Sunday, 20 April 2014

Food poverty is a failure of government. Capitalism is the solution.

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I'm a capitalist. A proud capitalist. I believe that, without capitalism, we'd be poorer, less healthy, shorter lived and less happy. The evidence of the past two hundred years tells me this is so.

The thing about capitalism, about those free markets, that neoliberalism is that it celebrates everything that is good about people. I know you've been told by your teachers and by the man on the telly that capitalism is all about greed and rapacious exploitation. But they are wrong - capitalism is about exchange, cooperation, creativity and, above all, foregoing something now in the anticipation of more tomorrow.

I am always curious when people seek affirmation of their mistaken belief about capitalism in what they term 'market failure'. By this, they don't mean that the market actually stopped working (markets just don't do this) but that the market didn't deliver the outcome they desire. So it is with food banks. We are told that these little local institutions are a consequence of capitalism's failure because it has failed to put food on the table of some families.

Except this isn't the case at all is it. Food banks are a consequence of the failure of government not the failure of capitalism or the market. Look at those figures from the Trussell Trust - over half of those arriving for support are doing so because the benefits system has failed them in some way. So the market (a generous, charitable market in this case) steps in to provide - for we should be clear about charity, it is a private matter driven by the energy of people who want to help not by the direction of the state.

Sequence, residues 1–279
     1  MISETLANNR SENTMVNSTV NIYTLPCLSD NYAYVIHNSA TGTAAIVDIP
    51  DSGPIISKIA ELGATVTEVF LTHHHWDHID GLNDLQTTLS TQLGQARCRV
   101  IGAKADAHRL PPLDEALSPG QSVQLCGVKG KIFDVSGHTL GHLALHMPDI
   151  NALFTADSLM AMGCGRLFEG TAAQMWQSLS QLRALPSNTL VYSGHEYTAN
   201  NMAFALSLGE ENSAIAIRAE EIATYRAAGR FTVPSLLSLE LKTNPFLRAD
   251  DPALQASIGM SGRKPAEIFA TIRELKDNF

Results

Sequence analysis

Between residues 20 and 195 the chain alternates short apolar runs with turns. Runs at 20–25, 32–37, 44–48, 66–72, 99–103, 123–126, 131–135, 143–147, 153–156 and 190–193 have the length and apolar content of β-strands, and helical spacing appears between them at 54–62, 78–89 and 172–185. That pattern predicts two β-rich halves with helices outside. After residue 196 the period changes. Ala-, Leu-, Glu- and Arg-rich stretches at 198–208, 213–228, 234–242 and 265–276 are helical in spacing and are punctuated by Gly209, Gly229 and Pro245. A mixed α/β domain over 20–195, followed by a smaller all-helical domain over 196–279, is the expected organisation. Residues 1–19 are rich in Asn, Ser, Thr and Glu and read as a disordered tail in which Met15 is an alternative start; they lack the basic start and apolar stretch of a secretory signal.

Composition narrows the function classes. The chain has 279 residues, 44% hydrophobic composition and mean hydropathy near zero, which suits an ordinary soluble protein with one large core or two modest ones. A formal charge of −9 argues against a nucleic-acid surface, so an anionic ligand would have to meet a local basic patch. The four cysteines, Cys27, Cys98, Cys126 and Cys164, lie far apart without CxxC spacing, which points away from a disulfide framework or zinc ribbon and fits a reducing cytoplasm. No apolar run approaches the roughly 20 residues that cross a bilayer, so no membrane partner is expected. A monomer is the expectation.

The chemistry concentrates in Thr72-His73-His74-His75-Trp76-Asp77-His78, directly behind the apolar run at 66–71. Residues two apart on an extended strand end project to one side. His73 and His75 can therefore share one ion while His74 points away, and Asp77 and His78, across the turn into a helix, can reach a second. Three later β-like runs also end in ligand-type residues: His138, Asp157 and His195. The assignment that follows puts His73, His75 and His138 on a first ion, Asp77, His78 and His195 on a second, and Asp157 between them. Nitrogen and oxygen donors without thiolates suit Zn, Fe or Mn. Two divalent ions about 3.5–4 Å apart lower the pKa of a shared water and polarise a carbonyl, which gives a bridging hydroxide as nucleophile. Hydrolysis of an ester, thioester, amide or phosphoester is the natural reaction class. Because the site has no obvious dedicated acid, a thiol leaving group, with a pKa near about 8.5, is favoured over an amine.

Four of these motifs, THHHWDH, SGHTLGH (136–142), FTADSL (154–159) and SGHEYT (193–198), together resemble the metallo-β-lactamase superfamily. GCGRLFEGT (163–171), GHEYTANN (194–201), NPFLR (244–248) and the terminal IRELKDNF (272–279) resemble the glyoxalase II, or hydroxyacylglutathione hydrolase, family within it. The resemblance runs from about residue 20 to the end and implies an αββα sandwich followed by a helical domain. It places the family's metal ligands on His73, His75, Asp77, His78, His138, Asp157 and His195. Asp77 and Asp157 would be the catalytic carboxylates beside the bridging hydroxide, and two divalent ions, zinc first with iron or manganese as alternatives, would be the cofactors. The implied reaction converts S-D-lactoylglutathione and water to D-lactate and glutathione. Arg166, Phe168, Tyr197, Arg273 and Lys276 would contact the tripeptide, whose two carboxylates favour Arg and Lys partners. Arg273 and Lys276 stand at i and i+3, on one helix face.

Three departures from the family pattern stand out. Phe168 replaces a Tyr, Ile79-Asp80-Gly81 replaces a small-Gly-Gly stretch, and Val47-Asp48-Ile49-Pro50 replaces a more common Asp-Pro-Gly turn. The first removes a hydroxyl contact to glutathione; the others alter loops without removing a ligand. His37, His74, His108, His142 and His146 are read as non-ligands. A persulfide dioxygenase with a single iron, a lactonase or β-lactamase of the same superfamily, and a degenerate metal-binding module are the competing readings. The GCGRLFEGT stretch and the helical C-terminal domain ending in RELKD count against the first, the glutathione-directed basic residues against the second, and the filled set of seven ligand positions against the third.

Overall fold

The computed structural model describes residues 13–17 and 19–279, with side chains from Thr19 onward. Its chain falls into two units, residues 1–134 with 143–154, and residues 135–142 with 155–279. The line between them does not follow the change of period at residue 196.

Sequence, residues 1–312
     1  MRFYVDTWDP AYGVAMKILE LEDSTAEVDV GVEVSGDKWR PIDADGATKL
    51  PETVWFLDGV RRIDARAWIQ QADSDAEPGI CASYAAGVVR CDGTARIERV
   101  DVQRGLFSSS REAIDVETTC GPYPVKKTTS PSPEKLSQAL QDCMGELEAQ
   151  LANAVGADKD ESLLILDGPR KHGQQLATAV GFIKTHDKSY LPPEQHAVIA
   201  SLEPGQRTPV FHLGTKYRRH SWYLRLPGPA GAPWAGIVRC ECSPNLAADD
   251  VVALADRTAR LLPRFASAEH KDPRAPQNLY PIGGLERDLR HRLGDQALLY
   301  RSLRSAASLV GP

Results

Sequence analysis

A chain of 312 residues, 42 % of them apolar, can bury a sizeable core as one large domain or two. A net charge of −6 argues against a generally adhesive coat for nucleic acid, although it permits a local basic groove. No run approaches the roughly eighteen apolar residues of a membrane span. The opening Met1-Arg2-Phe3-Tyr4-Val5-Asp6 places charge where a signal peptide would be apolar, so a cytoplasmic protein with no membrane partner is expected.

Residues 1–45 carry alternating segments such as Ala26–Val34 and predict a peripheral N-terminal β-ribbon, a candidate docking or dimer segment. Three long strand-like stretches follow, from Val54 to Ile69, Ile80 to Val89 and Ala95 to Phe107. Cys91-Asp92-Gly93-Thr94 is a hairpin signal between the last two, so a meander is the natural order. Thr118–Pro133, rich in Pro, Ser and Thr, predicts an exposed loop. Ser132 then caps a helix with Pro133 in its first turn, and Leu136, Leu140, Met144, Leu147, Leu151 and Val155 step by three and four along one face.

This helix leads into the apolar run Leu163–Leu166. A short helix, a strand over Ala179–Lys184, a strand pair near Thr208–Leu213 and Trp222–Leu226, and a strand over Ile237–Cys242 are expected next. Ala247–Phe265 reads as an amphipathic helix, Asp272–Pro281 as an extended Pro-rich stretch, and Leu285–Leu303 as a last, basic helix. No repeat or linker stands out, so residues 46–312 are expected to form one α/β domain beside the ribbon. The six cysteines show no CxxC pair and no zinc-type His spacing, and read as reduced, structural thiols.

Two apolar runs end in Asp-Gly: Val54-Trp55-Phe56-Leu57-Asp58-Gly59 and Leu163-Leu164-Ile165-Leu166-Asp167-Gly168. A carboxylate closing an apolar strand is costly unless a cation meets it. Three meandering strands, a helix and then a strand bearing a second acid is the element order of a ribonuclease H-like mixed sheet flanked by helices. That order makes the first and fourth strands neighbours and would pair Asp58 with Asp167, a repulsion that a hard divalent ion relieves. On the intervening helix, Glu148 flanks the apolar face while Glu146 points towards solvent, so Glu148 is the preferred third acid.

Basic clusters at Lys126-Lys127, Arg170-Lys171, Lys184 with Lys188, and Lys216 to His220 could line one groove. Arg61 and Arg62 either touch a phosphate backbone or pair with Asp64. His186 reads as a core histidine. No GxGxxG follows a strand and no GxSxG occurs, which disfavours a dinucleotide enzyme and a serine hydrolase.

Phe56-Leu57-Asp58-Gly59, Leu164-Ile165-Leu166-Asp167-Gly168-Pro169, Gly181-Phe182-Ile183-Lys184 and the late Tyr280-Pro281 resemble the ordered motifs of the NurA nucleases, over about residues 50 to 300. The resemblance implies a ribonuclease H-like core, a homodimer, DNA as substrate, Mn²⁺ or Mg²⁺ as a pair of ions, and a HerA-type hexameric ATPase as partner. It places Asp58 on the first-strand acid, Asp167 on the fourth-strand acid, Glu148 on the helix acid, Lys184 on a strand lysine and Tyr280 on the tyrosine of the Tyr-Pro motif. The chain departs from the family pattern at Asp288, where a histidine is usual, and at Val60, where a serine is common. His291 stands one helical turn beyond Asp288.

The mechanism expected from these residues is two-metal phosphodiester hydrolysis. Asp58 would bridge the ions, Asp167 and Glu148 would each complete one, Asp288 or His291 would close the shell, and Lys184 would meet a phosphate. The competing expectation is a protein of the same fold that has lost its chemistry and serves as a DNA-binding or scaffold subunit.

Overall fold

The second important lesson in this is that people's generosity is made more effective by the success of capitalism. All those people can afford to forgo something in order to help others have dinner - if we'd not had that neoliberalism we would still help but the help would not be enough. Children really would go without rather than getting food.

We have still got poverty - and be clear that poverty is absolute material lack not some abstract measure of inequality. But we are able to respond to that poverty both by urging the government to act and also by doing something ourselves. Even if that something is as little as giving some tins of beans and a bag of pasta to the food bank. However, if we want to eliminate that poverty - not just through relief but forever - we need to support capitalism because that is the best, we could say the only effective, route from poverty to comfort.

In an inverted way the wealthy and powerful can afford to reject capitalism - they're already on top of the pile. For the poor, the market and its freedoms should represent the route out from not knowing where tomorrow's dinner will come from. Sadly, some of those wealthy and powerful protect their wealth and power by telling the poor their state is due to freedom and the market rather than the reverse. Yet every exchange in that free market adds value whether it's a gift freely given, a bartered exchange or a cash transaction. Those who try to stop this liberty are the true creators of poverty, people who have the good things using their power to prevent others using capitalism to getthose good thing.

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Saturday, 19 April 2014

So what is the point of peer review then? Bias and the European Journal of Public Health